In a matter of months, we leaped from unthinkable to acceptable. I remember that during the primaries many of my friends - regardless of their party affiliation - denounced Donald Trump's behavior. His attacks on the other republican candidates, his nicknames for them, his absolute lack of respect or self-control - all of that was considered inexcusable. When he clinched the nomination, many of those same people decided that out of all the options on the table, he was the only one they could vote for. With that decision, the inexcusable suddenly became excusable. And now that Donald Trump is the president-elect, they not only accept the excuses for his behavior, they actively make them up. This is how fast we moved from condemnation to glorification.
This progression isn't limited to Donald Trump. Many people voted for Hillary Clinton not because they agreed with every single point on her agenda, but rather because they wanted to stop her opponent. Yet today, the nostalgia is already placing her on pedestal she would have most likely never achieved had she won the presidency. Think about the emotional response to Kate McKinnon's Clinton "Hallelujah" performance on Saturday Night Live.
Hillary Clinton was far from a perfect candidate - not necessarily because she was a Clinton, but because there is no such thing as a perfect candidate. This is especially true in the country that only has two major parties. Candidates come as a full package. Some parts we love and some we'd rather flush down the toilet. Yet instead of remaining sharp-eyed critics, we turn into blind cheerleaders. We turn politics into a sporting event. We paint our faces with our favorite team's colors, put on a jersey and yell obscenities at our opponents. Instead of pointing out the shortcomings, we blame the referee, the foul play, the bad luck, the useless coach - anything but our favorite player.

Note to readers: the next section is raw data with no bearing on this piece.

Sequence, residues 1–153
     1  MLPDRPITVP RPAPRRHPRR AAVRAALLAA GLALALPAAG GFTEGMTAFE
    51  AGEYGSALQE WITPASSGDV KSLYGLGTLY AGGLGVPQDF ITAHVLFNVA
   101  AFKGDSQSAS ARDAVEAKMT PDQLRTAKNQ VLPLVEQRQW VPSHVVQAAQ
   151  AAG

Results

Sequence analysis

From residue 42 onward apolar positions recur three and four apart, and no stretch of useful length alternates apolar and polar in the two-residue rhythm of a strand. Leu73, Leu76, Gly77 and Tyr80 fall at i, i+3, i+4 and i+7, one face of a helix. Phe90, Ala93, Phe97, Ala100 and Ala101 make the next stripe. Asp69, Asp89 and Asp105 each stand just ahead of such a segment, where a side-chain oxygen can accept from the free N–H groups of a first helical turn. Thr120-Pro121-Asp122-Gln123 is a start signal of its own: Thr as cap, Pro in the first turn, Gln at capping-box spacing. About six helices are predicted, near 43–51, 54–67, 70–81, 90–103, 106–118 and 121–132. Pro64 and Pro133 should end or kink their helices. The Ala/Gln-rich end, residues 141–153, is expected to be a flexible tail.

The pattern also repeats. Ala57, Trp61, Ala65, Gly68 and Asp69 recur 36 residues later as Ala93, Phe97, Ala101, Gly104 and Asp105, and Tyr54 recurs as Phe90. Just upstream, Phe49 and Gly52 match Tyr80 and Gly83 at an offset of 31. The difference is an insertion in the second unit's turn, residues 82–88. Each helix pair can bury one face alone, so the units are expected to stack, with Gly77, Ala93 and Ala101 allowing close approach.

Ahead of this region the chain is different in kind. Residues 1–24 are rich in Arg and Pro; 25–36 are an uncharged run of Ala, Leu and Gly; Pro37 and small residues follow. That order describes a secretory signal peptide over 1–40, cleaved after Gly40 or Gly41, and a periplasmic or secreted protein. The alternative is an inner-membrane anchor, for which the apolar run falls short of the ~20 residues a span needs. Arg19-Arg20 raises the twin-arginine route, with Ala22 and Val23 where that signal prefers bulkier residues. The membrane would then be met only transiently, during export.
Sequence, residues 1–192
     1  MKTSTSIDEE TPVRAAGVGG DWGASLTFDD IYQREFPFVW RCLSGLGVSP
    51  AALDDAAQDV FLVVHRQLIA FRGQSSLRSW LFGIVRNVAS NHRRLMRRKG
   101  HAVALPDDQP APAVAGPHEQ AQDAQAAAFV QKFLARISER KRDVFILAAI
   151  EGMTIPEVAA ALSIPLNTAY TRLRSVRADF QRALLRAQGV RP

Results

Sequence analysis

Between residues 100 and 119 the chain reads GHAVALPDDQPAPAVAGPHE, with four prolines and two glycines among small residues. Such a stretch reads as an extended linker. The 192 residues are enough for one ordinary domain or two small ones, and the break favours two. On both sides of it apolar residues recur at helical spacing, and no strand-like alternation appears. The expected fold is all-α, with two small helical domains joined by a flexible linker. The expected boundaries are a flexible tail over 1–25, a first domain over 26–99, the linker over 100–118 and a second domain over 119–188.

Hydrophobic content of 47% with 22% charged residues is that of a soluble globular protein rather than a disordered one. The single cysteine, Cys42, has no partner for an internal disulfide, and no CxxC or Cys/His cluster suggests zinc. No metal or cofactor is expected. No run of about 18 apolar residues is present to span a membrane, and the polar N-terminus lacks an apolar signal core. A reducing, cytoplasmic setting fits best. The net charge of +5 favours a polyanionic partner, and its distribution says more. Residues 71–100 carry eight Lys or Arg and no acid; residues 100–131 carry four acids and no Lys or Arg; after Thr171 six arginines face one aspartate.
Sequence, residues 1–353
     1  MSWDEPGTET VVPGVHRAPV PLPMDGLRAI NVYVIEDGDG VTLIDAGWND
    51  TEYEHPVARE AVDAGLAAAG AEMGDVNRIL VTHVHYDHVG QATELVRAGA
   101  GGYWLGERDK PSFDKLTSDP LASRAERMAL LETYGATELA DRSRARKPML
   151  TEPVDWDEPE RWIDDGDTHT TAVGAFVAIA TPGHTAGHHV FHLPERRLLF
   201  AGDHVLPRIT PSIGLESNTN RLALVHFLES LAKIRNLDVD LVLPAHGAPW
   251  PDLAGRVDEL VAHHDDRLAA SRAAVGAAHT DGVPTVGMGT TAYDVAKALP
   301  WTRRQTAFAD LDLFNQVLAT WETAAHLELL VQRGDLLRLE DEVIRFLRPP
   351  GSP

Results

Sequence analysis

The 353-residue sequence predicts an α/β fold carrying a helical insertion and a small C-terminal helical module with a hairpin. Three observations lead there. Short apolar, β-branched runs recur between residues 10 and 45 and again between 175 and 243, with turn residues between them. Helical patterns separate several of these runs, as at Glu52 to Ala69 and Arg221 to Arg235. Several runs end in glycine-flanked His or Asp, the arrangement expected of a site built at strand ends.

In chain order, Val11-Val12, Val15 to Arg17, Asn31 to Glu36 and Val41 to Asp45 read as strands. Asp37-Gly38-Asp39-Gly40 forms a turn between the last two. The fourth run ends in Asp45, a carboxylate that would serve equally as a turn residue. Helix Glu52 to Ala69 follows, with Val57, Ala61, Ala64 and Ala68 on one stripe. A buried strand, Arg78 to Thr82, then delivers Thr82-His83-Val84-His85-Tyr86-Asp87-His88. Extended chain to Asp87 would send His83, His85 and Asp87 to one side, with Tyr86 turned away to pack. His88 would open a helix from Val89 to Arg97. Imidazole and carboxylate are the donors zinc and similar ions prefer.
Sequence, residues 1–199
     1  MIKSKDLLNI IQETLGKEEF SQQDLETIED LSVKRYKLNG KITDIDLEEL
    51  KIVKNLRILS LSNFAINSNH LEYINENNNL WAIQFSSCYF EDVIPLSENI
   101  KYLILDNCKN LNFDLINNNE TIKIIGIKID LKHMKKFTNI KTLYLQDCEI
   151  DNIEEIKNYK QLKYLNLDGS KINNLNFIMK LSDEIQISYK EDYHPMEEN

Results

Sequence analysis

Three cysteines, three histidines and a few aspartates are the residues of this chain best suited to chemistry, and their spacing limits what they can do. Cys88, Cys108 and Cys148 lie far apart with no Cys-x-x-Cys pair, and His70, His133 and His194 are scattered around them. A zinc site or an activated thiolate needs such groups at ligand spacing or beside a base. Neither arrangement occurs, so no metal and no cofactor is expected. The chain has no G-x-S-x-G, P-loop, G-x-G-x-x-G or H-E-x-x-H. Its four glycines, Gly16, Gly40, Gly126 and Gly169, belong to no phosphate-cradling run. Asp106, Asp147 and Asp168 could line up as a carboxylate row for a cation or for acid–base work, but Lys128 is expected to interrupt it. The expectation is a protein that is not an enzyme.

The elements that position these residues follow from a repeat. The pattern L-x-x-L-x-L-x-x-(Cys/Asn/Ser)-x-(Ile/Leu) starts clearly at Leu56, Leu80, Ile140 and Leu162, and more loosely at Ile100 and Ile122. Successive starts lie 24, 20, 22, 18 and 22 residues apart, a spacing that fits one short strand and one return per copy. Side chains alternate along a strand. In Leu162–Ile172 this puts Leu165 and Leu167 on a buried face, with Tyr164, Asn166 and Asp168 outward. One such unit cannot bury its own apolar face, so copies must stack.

Who are we really electing - public servants, representatives, leaders or saviors? Can you be critical of a public servant? Can you be equally critical of a savior? Or do we not really care as long as the team we bet on pulls ahead on the score board?
Below is an excerpt from my book, written long before Donald Trump was relevant. Reminder - this is a work of fiction, and any resemblance to actual persons is purely coincidental. (It's not about the president, anyways. It's about us.)
“Have you ever wondered about our obsession with heroes? People constantly search for one. They look for someone who would lead them, speak their truth, bring meaning into their lives. They look for someone who would take away their suffering. They hang onto the idea of a single savior with all their might. And when someone offers to take on the role, they pour all their energy into perfecting him. The more time and effort they spend, the less willing they are to acknowledge the flaws. The hero becomes their own beloved creation, and they will not allow any criticism. Instead, they find excuses. Take Aurel Swann. What did he do? He fueled the fears and fanned the flames of violence. But it was the people who did the actual work for him. None of the dirty work was done by him. And then they thanked him for saving them. By the time they realized he was not a savior but a monster, it was too late. You can't destroy the legacy of your savior without destroying your own."
Today, I worry that for the sake of being right we will get it catastrophically wrong.